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Washington, March 15, 2020
As the novel coronavirus disease (COVID-19) continued to spread across the world, the United States on Saturday extended its entry restrictions to travellers from the United Kingdom and Ireland.
The US had earlier, on January 31, banned the entry of travellers from China, where the outbreak had begun the previous month. It has since spread to more than a hundred countries, affecting more than 156,000 people and causing more than 5830 deaths worldwide.
On February 29, the ban was extended to travellers from Iran, one of the worst-affected countries after China. Most recently, on March 11, the US banned the entry of people from Europe, which had by then emerged as a hot spot for the disease, except the UK and Ireland.
In his latest proclamation, US President Donald Trump said the Centers for Disease Control and Prevention (CDC) had determined that the virus presents a serious public health threat and that the CDC continues to take steps to prevent its spread.
"But CDC, along with State and local health departments, has limited resources, and the public health system could be overwhelmed if sustained human-to-human transmission of the virus occurred in the United States on a large scale. Sustained human-to-human transmission has the potential to cause cascading public health, economic, national security, and societal consequences.
"CDC has determined that the United Kingdom is experiencing widespread, ongoing person-to-person transmission of SARS-CoV-2. As of March 13, 2020, the World Health Organization reported that the United Kingdom had 594 cases of COVID-19, 5 times more cases than there were 7 days prior.
"The Republic of Ireland has an open border with the United Kingdom in that persons can generally move freely between the Republic of Ireland and the United Kingdom — by land to and from Northern Ireland and by ferry or aircraft to and from Wales, England, and Scotland. This general ability to travel freely between the United Kingdom and the Republic of Ireland poses the same challenges that the Schengen Area posed for suspending and limiting entry to the United States by travelers who had been physically present within any of the Schengen Area countries. CDC has also determined that the Republic of Ireland is experiencing ongoing sustained person-to-person transmission of SARS-CoV-2. As of March 13, 2020, the World Health Organization reported that the Republic of Ireland had 70 cases of COVID-19, 5 times more cases than there were 7 days prior.
"The United States Government is unable to effectively evaluate and monitor all of the travelers continuing to arrive from the United Kingdom and the Republic of Ireland. The potential for undetected transmission of the virus by infected individuals seeking to enter the United States from the United Kingdom and the Republic of Ireland threatens the security of our transportation system and infrastructure and the national security. Given the importance of protecting persons within the United States from the threat of this harmful communicable disease, I have determined that it is in the interests of the United States to take action to restrict and suspend the entry into the United States, as immigrants or nonimmigrants, of all aliens who were physically present within the United Kingdom, excluding overseas territories outside of Europe, or the Republic of Ireland during the 14-day period preceding their entry or attempted entry into the United States. The free flow of commerce between the United States and the United Kingdom and the Republic of Ireland remains an economic priority for the United States, and I remain committed to facilitating trade between our nations," the proclamation signed by Trump said.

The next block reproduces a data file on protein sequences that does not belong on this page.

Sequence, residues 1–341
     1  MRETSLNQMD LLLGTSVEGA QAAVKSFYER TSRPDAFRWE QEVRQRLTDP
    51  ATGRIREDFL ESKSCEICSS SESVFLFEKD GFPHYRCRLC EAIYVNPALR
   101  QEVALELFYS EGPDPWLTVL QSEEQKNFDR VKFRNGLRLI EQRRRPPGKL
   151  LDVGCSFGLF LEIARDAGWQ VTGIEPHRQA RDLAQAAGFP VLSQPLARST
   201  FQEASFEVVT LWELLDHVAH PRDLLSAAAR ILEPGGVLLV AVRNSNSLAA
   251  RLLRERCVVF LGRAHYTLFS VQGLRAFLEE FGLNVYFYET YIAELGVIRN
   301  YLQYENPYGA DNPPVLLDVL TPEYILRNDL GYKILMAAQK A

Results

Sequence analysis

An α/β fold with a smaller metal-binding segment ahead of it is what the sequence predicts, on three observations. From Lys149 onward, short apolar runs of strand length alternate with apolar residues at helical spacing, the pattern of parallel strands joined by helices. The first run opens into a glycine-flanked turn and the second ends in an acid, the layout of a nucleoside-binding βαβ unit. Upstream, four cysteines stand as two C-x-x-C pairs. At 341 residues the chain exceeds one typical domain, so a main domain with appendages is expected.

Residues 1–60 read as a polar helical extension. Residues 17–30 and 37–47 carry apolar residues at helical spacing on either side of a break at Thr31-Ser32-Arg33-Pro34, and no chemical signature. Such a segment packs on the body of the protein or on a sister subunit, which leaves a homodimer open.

The ban will not apply, among others, to any lawful permanent resident of the United States; any alien who is the spouse of a U.S. citizen or lawful permanent resident; any alien who is the parent or legal guardian of a U.S. citizen or lawful permanent resident, provided that the U.S. citizen or lawful permanent resident is unmarried and under the age of 21; any alien who is the sibling of a U.S. citizen or lawful permanent resident, provided that both are unmarried and under the age of 21; any alien who is the child, foster child, or ward of a U.S. citizen or lawful permanent resident, or who is a prospective adoptee seeking to enter the United States pursuant to the IR-4 or IH-4 visa classifications; and any alien traveling at the invitation of the United States Government for a purpose related to containment or mitigation of the virus.